Crude energy products were largely responsible for the decrease in the RMPI in September, with prices falling 0.8%, following a 5.8% decline in August. This decrease was mainly led by lower prices for conventional crude oil (-0.7%). The RMPI excluding crude energy products fell 1.0%.
Metal ores, concentrates, and scrap (-1.1%) was another key contributor to the decline in the RMPI, particularly due to lower prices for waste and scrap of metal (-5.2%). This was the third consecutive monthly decrease in this commodity group.
Animals and animal products were down 1.2% in September, after decreasing 7.3% the previous month. Prices for live animals (-2.2%), especially hogs (-4.5%), were primarily responsible for the decline in this commodity group.
Raw Materials Price Index, 12-month change
The RMPI rose 14.6% over the 12-month period ending in September, following a 15.4% increase in August.
The growth in the RMPI compared with September 2017 was almost entirely led by higher prices for crude energy products (+33.8%), particularly conventional crude oil (+35.0%). Year over year, the RMPI excluding crude energy products rose 1.1%.
Logs, pulpwood, natural rubber and other forestry products (+7.7%), as well as crop products (+1.9%), also rose year over year in September.
Note to readers
With each release, data for the previous six months may have been revised. The indexes are not seasonally adjusted.
The Industrial Product Price Index reflects the prices that producers in Canada receive as the goods leave the plant gate. It does not reflect what the consumer pays. Unlike the Consumer Price Index, the IPPI excludes indirect taxes and all the costs that occur between the time a good leaves the plant and the time the final user takes possession of it, including transportation, wholesale and retail costs.
Canadian producers export many goods. They often indicate their prices in foreign currencies, especially in US dollars, which are then converted into Canadian dollars. In particular, this is the case for motor vehicles, pulp, paper and wood products. Therefore, a rise or fall in the value of the Canadian dollar against its US counterpart affects the IPPI. However, the conversion into Canadian dollars only reflects how respondents provide their prices. This is not a measure that takes the full effect of exchange rates into account.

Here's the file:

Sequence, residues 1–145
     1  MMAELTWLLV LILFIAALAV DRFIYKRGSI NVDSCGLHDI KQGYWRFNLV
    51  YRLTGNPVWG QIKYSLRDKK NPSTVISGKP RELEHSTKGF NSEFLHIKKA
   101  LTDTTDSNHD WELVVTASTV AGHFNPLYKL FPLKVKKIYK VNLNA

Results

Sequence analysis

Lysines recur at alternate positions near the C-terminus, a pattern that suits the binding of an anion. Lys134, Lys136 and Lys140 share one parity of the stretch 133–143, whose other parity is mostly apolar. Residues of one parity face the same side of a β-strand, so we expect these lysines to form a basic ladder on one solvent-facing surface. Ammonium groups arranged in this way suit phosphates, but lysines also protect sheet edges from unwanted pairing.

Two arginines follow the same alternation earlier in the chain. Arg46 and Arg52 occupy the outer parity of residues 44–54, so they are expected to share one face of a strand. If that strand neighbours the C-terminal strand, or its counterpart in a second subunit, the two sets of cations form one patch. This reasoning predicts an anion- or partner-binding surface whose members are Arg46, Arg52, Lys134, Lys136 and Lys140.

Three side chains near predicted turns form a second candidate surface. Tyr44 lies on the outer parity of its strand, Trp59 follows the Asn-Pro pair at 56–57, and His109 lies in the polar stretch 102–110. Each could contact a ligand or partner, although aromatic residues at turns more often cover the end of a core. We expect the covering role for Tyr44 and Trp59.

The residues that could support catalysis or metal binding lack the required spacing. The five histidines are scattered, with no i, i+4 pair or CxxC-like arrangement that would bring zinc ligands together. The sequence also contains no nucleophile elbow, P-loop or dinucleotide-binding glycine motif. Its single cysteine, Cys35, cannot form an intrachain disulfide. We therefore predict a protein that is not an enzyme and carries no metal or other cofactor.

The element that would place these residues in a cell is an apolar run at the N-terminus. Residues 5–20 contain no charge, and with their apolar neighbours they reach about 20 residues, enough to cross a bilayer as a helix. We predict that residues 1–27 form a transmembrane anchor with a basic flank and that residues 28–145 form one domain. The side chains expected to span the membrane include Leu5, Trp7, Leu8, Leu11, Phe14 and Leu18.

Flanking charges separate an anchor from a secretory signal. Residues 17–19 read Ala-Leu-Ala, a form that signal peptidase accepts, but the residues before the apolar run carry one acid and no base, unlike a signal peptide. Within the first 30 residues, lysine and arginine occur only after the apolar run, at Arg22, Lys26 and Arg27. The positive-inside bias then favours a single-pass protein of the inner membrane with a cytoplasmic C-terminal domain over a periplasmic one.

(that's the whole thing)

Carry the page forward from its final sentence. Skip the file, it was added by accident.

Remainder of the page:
The conversion of prices received in US dollars is based on the average monthly exchange rate established by the Bank of Canada and available in table 33-10-0163-01 (series v111666275). Monthly and annual variations in the exchange rate, as described in the release, are calculated according to the indirect quotation of the exchange rate (for example, CAN$1 = US$X).
The Raw Materials Price Index reflects the prices paid by Canadian manufacturers for key raw materials. Many of those prices are set on the world market. However, as few prices are denominated in foreign currencies, their conversion into Canadian dollars has only a minor effect on the calculation of the RMPI.
A Historical Timeline of Canadian Producer Price Statistics
The publication "A Historical Timeline of Canadian Producer Price Statistics," which is part of the Prices Analytical Series (), was created to showcase the key milestones in the history of Canadian producer price statistics. This historical timeline contains answers to questions such as: Who collected Canada's first statistics? What do Canadian producer price indexes measure? 62F0014M
Infographic: Producer Price Indexes at a Glance
The infographic "Producer Price Indexes at a Glance," which is part of Statistics Canada — Infographics (), demonstrates how producer price indexes for goods and services are calculated and why they are important for the Canadian economy. 11-627-M
Real-time table 18-10-0248-01 will be updated on November 13.
The industrial product and raw materials price indexes for October will be released on November 30.
For more information, or to enquire about the concepts, methods or data quality of this release, contact us (toll-free 1-800-263-1136; 514-283-8300; STATCAN.infostats-infostats.STATCAN@canada.ca) or Media Relations (613-951-4636; STATCAN.mediahotline-ligneinfomedias.STATCAN@canada.ca).